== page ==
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Monday, July 17, 2017 

CBR's commentary continues to sink in a swamp of bias

If you've ever wondered how far the quality of CBR's writers has dropped, if they ever had any to start with, look no further than this article about 20 series cancelled for allegedly shocking reasons. First, here's the part about Black Panther and the Crew, where political bias predictably find its way in:
Caught up in the recent explosion of Marvel cancelations, Black Panther and the Crew is one of the more shocking picks for the chopping block. Focusing on heroes of color trying to keep the peace in a restless Harlem following the death of a civil rights activist, the title was arguably more important than most comic fare because it concerned itself with the realistic depiction of issues which typically would take a backseat to colorful and symbolic villains.

The comic was canceled in six issues due to bad sales, which is indicative of numerous problems, none of which have to do with the title’s quality. Marvel didn’t give this series a chance to tell its full story and connect with audiences. And even if they did, canceling one of the most socially important comics to come out in quite some time over a low profit margin was terrible PR for the company.
Umm, I think quality - or lack thereof - does have what to do with the lack of interest. As noted before, the politics in this spinoff series were so far left and so bad, it figures that in the end, sales were bound to suffer.

Since we're on that topic, here's also what they say about World of Wakanda:
Another of Marvel’s recent executions, Black Panther: World of Wakanda was about a romance between two Wakandan women who must defend the nation while Black Panther is away. It was penned by Roxane Gay and Yona Harvey, two critically acclaimed female writers of color. Ostensibly, it was one of the most diverse comics Marvel ever produced, both on the page and in real life.

But when Marvel sales went into free fall in the last year, one of the primary scapegoats for executives was the company’s recent explosion of diversity in their stories. Thinking that readers didn’t want anything more than the core Marvel characters, the company quickly killed off any and all titles that didn’t feature characters that wouldn’t appear in the upcoming Secret Empire event.
Oh, here I think they're getting it at least a little inaccurate, no doubt deliberately, because Black Panther and company are their own agency and there wasn't any forced replacement of established white heroes going on here. The only problem would have to be the forced lesbianism, along with the aforementioned ultra-leftist politics. So CBR's writers have only sought to opportunistically label fandom as scum while absolving the writers/editors involved of shoving leftism down everyone's throats.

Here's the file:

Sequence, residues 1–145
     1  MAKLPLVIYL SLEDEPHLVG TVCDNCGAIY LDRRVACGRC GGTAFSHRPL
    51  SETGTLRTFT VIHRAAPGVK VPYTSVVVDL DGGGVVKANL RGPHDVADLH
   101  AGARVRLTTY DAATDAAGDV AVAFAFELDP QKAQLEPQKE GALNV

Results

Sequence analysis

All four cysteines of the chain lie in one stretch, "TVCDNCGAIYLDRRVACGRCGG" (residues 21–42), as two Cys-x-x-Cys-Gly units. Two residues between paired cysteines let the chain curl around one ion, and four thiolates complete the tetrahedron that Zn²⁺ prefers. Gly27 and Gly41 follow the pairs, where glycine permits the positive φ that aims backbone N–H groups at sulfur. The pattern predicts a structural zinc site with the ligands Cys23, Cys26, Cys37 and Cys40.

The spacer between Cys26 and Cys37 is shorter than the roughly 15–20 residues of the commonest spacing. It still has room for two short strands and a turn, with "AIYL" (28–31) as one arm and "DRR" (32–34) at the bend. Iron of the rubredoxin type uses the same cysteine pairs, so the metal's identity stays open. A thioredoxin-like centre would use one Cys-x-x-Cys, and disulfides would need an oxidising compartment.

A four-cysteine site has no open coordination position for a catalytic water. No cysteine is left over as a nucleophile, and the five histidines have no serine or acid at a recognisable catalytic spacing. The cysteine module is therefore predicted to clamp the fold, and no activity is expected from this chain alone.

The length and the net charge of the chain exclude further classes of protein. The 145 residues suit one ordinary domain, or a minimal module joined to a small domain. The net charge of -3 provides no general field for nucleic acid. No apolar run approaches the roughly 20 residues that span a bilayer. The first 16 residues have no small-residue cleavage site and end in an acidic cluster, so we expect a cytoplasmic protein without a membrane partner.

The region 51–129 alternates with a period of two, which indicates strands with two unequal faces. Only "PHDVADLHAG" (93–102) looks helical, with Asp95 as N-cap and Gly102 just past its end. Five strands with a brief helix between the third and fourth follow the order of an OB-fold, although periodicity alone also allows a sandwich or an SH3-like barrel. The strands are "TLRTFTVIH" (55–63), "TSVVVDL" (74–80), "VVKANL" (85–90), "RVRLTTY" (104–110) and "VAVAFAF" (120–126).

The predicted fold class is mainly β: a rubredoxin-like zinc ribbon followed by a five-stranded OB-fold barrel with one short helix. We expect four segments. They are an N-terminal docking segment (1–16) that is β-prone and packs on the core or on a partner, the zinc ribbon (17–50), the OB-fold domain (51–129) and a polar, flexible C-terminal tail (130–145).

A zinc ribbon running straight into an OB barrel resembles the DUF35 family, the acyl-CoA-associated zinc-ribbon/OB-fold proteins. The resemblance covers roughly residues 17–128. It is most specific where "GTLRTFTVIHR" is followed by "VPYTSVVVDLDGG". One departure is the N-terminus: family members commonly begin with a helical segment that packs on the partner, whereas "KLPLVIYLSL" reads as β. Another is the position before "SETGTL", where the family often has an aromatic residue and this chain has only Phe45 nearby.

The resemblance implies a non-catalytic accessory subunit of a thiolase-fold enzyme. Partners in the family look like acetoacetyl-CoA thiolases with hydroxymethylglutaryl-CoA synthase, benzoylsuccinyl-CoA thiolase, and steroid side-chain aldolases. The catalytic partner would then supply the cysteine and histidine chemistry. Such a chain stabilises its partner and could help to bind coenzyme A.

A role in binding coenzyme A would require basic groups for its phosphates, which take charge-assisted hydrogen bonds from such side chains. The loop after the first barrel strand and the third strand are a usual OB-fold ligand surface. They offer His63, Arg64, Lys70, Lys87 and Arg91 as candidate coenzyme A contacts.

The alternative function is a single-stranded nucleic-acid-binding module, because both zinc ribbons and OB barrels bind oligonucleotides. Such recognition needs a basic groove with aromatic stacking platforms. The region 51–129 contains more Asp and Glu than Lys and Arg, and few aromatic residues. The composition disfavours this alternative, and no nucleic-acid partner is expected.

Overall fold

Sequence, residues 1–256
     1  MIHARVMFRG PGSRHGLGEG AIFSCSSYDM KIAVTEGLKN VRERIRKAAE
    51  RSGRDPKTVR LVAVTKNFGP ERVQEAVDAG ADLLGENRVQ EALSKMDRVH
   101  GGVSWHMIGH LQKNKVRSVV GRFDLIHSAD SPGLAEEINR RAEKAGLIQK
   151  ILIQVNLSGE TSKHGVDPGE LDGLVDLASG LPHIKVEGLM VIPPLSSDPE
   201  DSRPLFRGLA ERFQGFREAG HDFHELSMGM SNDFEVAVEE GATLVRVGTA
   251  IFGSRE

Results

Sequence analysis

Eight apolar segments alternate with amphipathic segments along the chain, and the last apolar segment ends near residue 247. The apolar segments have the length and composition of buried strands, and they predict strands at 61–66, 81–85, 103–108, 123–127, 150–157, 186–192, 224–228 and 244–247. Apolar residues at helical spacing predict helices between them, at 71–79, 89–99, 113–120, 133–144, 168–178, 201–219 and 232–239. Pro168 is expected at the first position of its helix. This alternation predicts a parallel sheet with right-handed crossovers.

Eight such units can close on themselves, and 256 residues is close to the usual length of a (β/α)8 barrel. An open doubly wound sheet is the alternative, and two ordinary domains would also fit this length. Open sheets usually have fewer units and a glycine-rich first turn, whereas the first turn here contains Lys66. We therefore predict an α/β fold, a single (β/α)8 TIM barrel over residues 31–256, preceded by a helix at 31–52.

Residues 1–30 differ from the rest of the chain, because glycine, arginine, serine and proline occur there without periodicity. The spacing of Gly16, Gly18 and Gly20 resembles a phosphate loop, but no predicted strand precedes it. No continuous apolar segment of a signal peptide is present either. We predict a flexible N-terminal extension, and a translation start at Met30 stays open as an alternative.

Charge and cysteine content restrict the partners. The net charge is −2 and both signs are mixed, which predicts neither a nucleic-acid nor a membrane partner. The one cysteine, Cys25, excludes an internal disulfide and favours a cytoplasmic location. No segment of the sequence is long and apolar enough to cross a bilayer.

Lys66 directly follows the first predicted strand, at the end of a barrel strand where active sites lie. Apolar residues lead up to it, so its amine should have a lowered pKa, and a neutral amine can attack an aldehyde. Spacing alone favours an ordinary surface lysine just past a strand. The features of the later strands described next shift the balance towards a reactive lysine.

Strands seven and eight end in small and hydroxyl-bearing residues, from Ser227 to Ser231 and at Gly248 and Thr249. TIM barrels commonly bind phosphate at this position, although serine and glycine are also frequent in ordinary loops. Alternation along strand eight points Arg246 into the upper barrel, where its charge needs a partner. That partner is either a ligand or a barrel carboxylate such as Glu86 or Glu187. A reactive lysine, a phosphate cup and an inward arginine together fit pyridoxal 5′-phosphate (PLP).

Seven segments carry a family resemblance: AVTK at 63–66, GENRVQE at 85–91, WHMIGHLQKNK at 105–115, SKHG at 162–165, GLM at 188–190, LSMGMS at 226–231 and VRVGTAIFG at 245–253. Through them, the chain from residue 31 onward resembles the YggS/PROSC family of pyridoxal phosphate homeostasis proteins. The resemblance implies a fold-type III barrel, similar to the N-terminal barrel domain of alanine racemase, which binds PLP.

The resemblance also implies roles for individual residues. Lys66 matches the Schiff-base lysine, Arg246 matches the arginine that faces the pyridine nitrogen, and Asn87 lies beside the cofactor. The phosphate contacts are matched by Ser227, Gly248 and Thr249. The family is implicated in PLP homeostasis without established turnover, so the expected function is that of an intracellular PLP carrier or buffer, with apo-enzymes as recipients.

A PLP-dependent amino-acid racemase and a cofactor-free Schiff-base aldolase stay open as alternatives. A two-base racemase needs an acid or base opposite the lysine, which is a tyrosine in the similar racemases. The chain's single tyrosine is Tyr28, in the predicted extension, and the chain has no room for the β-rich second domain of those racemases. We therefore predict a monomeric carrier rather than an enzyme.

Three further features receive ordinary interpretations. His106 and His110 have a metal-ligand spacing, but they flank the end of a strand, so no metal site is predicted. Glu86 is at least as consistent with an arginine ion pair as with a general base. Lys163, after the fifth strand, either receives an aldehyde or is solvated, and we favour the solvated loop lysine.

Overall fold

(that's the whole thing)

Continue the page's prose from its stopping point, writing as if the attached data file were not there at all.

There's also this sloppy note about the Super-Team Family series from the Bronze Age to consider:
This short-lived series lasted from 1975-1978. We wonder what could have possibly happened that would have caused this DC title to be canceled in 1978. It mostly featured reprints of older comics, but did give readers some iconic original works such as the first Flash/Hawkman team up and the introduction of the Atom to the wider DC Universe. Though it was canceled around the same time as the DC Implosion, it wasn’t done for financial reasons.
First, I don't see how running nearly 3 years counts as that short-lived. Second, the Atom was already introduced to the wider DCU in the early 60s when he joined the Justice League of America. Third, what if it was for financial reasons? Their assertions are laughable, and the part about the Atom is nigh hilarious.

And on the black Firestorm, an early example of DC's own pandering to SJWs and the ideology of forced diversity, they say:
Firestorm just has the worst luck when it comes to solo comics, doesn’t he? In this case, it’s refreshing to see a company listen to the readers and conforming to their opinions as opposed to axing something just due to poor sales. Firestorm was relaunched in 2004 with a new character, Jason Rusch. Fans immediately initiated backlash against the company, unhappy that fan-favorite Ronnie Raymond, who had died during Identity Crisis, was replaced with such a bland character.

DC resisted hard
, keeping the failing comic around for a full 30 issues before acquiescing to customer demand and included Ronnie Raymond as a revived soul during Blackest Night. Raymond took his rightful place as one half of Firestorm, Rusch went away to develop as a character for a bit, and the comic was canceled to give Firestorm some time to recover.
I don't see how a character who originally rose from the ashes of the DC Implosion to enjoy 8 years worth of a solo book spanning 100 issues or so has the worst of luck. I'd think the Atom, Black Lightning and Metamorpho qualify more for that category. And then, here's another example of a fictional character taking the brunt rather than the writers themselves for bland scripting of said character. But they're right that DC stubbornly kept at it, not unlike their previous record with Kyle Rayner as Green Lantern. The diversity-emphasis Firestorm was also an early example of leftist politics in motion; anybody studying what went wrong at Marvel would be strongly advised to take note of how DC preceded them. And again, it goes without saying that Identity Crisis was abominable.

So there's a few examples of why there's less and less on CBR to rely upon, now that they're owned by bigger media conglomerates.

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